July 7, 2005 was like any other normal day. A few days a week I took public transportation – either overground train, or tube – to my university office in north London where I then worked. Other days I drove. I liked to vary the commute.
That day, I’d pre-booked the car in with a dealer for a routine service, so drove to work a bit early. Being near the college, they would send someone over to my office, collect it, work on it, and return it by the end of the workday. Ho hum.
As usual, by 8:30 they’d picked up the car and taken it away. I think it was on my desktop sometime around 9:30 when I first saw the BBC web site update: there were rumors of electrical fires/ explosions in a couple of tube stations.
Very odd stuff, to say the least. I remember colleagues shaking their heads.
And I remember one – the first one to suggest it – saying these sounded like bombings.
Yesterday was the first time I’d seen this, which is off a quiet side road, north of Dublin. From where you park, you’d think it’s merely an old cemetery amidst the ruins of a couple of old churches. But it’s much more:
Last weekend, at Mass the priest had announced a funeral service would take place on Wednesday at lunchtime. He also explained that the deceased would have only a small contingent of family and friends present. What really caught my attention was when he observed if any of us in the faceless congregation could make it, it would be appreciated.
When he said that, I made a mental note: if I could, I would be there. I awoke yesterday morning and remembered it. Working at home as I do, there was really no excuse not to go.
As you may know, Roman Catholicism and I have had a bit of a “complicated” relationship over the years, and my books reflect that. I packed the novel-writing away for all of an hour or so. As I closed the front door, I reflected on the fact that I could not recall ever before having been to the funeral Mass for a total stranger.
Seeing that article, I couldn’t help but recall one thing that made the old WTC observatory view extra special: the view of the massive twin tower next door. I slotted that experience and memory into Passports:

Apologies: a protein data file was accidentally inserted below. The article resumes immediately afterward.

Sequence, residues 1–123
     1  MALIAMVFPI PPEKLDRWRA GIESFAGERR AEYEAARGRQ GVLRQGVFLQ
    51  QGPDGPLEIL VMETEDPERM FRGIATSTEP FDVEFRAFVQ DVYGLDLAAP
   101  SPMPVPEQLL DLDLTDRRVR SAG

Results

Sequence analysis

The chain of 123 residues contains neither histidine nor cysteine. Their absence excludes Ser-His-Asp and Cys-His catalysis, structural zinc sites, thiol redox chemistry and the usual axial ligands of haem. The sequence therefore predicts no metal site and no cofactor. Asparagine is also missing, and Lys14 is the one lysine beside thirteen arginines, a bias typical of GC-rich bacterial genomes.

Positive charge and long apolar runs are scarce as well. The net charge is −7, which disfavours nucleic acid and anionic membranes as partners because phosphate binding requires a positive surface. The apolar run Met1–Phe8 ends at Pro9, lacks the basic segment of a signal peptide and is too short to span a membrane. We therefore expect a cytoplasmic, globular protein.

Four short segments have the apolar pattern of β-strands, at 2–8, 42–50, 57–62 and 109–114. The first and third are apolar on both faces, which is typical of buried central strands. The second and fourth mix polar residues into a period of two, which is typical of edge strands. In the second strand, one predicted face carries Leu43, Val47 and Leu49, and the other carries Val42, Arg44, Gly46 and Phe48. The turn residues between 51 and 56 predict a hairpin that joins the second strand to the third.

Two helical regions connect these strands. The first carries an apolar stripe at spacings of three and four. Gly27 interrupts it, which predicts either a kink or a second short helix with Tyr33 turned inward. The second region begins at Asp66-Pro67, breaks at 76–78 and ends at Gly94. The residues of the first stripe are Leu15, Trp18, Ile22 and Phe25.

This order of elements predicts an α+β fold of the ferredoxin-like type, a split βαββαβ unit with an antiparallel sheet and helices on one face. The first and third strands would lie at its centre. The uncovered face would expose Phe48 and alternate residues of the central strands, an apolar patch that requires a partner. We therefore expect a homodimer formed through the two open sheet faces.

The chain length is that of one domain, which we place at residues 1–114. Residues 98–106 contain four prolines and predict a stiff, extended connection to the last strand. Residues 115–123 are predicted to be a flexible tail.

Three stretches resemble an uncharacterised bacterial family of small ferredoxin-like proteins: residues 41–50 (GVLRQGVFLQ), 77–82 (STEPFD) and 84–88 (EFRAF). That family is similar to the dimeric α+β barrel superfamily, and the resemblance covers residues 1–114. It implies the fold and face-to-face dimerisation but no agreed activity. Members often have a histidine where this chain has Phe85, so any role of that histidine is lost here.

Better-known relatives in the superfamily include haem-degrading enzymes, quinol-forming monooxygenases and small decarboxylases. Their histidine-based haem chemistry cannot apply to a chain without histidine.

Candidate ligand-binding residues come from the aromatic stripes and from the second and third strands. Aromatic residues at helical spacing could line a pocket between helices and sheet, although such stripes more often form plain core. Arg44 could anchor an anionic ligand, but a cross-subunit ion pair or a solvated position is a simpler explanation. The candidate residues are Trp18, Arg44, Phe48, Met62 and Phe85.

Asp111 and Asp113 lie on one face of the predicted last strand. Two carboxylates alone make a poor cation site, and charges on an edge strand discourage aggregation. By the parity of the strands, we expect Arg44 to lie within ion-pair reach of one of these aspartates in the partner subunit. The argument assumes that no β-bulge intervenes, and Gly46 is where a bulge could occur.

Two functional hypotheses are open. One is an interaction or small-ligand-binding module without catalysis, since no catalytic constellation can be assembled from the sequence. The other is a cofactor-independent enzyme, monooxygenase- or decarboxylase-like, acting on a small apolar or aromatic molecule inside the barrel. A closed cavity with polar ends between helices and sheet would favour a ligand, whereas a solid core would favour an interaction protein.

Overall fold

….As their elevator sped upward, their stomachs dropped. In moments, they were at the 107th floor Observation Deck. The North Tower stood majestically next door, and this was one of those days the rest of the view went for some fifty miles….
Happy 1st of June. And we didn’t meet them halfway. We went to them. Yesterday, we drove to Christchurch (about an hour and a half away) to visit with a former neighbor couple there.
In a sense, it felt like “going home.” The town is much the same. And the house we’d owned for a decade until 2013 – well, there it stood. (They aren’t huge fans of the people who’ve bought it. We’ve never laid eyes on them and still haven’t.)
The husband (he’s about my father’s age) and I were alone at one point and chatting. He told me they were in Tenerife, in their flat (in the end, they didn’t sell it), and his Mrs. was sitting in the lounge reading Frontiers. “Across the room,” he said to me, “I hear this laugh, and she looks at me, points out a page, and says, ‘What did he do?! That’s me! The so and so! Darling, he’s written about us!'”
Best-selling author Harlan Coben has accidentally ended up in hot water with…. Poland:
The power, and danger, of words. An English e-book version of one of his novels had the phrase “Polish concentration camp,” which in English could easily be read as implying it was a concentration camp run by Poles or by the government of Poland. Coben writes in that Facebook post above that the error has been “corrected” to “concentration camp located in Poland,” but the old e-book version is still floating around out there and he’s trying to get it stamped out.
Although it’s only 45 minutes away from where we live now in Wiltshire, and had been about an hour from where we’d lived previously in Dorset for a decade, we had never been to Stonehenge.
Saturday night, on impulse, we thought, “Well, why not on Sunday?”
Rule 1: Try to get there as early as you can. It opens at 9:30. The web site encourages pre-booking, which we did. Early arrivals have no trouble parking (finding parking can be exciting in Britain) and the magnificent attraction is pleasantly “serene.”
That doesn’t last long. By the time we left about 1 PM, the car park was much fuller. At least two dozen coachloads of visitors had appeared as well.